Substitutes make a difference
Max Allegri was forced into a change at half-time with Weston McKennie replacing Adrien Rabiot. I thought the Frenchman was okay in the first half, but Allegri didn’t see it that way. After the game, he said Rabiot would’ve come off even if he hadn’t picked up an ankle sprain.
Despite Rabiot’s competence, McKennie added a spark of dynamism to Juve’s midfield that was lacking in the opening period. The American certainly hasn’t lost a step since returning from a knee injury and his dynamic nature was laid bare on Tuesday night. He persistently sought to create positional superiorities over Cagliari’s midfield between the lines and he received the joint-third most progressive passes on the Juve team (five) despite playing just 45 minutes.
There were times where he looked like a Mousa Dembele clone as he sought to beat players one-vs-one. He completed all four of his attempted dribbles, although this good work in this regard didn’t translate to the final third. McKennie’s low pass completion was due to persistent breakdowns in the final phase. Often, teammates weren’t quite on the same page as the American, who tried his utmost to pick a lock in the Cagliari defence via intricacy in and around the box.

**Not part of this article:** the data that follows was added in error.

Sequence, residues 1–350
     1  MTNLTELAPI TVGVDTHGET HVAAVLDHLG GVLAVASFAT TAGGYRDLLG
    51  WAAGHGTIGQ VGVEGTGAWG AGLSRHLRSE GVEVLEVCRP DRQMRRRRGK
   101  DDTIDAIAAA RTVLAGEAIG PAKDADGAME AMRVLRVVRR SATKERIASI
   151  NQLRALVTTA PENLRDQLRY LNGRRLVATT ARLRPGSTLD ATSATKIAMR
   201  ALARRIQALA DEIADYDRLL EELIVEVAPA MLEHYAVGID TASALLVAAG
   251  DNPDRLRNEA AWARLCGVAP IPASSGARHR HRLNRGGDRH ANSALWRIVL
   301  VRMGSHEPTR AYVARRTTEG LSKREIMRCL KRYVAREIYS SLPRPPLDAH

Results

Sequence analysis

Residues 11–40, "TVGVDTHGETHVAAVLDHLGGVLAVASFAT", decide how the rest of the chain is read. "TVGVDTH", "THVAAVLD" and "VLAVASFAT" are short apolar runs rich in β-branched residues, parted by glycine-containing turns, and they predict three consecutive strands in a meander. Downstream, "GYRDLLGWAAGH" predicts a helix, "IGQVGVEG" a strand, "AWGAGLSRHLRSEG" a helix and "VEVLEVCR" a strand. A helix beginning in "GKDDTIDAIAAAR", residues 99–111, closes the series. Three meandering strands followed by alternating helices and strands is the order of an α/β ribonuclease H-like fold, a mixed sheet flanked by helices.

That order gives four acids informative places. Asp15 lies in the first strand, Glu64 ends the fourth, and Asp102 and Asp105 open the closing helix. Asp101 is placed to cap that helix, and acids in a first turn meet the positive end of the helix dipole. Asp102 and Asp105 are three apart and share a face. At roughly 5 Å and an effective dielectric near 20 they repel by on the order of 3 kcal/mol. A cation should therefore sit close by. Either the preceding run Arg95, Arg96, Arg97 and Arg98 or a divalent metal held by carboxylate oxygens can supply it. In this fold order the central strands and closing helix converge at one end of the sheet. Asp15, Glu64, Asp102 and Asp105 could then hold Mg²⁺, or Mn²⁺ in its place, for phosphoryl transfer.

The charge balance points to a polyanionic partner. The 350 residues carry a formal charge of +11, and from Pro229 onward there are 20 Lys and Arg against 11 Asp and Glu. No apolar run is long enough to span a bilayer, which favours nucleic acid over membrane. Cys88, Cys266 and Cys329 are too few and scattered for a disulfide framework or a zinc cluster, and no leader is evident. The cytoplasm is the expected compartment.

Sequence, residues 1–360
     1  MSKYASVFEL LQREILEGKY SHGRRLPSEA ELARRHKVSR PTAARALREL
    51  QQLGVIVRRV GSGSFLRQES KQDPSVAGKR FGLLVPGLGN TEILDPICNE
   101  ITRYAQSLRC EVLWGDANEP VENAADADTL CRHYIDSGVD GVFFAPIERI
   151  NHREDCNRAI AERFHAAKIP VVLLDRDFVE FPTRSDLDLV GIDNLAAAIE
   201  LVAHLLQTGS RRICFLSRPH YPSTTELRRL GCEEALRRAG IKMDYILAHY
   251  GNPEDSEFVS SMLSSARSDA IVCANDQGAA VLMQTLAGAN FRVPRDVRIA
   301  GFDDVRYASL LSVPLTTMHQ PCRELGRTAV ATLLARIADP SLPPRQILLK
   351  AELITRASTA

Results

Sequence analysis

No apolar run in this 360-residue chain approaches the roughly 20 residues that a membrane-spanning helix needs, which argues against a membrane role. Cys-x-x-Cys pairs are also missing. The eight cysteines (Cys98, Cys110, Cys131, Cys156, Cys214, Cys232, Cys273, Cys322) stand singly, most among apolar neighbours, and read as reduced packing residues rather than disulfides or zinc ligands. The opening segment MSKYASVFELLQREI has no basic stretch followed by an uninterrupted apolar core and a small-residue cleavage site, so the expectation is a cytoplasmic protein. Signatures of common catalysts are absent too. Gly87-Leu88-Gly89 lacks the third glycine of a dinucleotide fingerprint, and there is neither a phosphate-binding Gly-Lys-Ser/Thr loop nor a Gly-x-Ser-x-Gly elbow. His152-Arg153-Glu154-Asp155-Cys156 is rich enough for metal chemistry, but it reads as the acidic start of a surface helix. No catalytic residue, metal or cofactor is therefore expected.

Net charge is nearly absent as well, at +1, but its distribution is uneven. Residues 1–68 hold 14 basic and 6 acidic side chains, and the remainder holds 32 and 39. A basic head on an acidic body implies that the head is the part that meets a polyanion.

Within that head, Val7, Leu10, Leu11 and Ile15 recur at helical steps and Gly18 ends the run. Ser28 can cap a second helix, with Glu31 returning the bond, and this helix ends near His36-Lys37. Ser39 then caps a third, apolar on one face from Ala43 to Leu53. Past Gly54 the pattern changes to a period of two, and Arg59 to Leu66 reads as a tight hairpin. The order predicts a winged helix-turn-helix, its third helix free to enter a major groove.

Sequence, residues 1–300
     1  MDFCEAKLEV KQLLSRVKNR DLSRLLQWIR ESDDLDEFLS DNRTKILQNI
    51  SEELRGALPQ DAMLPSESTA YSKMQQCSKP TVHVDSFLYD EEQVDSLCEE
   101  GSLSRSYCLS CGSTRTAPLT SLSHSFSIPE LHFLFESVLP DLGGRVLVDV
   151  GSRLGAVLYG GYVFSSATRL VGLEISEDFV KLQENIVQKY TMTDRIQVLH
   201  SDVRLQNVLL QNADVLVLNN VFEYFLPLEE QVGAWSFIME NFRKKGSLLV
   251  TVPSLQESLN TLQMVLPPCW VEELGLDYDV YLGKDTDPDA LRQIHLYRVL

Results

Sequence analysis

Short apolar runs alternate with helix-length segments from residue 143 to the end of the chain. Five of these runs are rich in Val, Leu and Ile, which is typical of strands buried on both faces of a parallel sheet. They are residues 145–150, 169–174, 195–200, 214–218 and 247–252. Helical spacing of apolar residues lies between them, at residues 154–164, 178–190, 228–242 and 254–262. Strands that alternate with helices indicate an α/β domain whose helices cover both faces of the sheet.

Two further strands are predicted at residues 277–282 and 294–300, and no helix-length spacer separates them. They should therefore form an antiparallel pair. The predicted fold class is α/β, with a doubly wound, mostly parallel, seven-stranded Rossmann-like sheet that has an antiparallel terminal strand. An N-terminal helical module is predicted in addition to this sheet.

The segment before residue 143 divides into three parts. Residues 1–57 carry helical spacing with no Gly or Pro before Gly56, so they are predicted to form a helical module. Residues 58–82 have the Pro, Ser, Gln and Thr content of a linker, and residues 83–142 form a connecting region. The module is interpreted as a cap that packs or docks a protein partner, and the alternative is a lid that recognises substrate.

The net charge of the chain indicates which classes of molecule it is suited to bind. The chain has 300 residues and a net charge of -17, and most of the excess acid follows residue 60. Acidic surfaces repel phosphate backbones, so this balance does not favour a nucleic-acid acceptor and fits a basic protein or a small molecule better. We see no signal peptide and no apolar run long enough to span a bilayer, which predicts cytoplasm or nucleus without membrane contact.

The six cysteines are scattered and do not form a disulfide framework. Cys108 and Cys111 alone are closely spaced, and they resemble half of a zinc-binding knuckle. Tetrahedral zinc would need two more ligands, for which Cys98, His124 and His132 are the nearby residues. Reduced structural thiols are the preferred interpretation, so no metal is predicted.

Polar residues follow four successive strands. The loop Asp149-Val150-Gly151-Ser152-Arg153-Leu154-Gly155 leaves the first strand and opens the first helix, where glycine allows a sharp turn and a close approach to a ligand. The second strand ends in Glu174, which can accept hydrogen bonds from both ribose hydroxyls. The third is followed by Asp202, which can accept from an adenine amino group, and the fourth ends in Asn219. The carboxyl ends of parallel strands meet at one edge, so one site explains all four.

While McKennie added a spark, fellow substitute Dejan Kulusevski helped Juventus close out Tuesday’s contest. It was a lovely sequence from the Swede, who cut out Zappa’s crossfield pass before taking Andrea Carboni out of the contest with a sumptuous first touch. Green grass laid ahead of him with options arriving from all angles. He chose wisely, and Bernardeschi did the rest.
The assist and the sequence that preceded it was just another example of Kulusevski teasing his talent. It’s about time we saw it regularly. Hopefully, it isn’t his final notable contribution in Bianconeri colours with the January transfer window looming.
There’s a player in there, Allegri just needs to pick the lock to reap the rewards.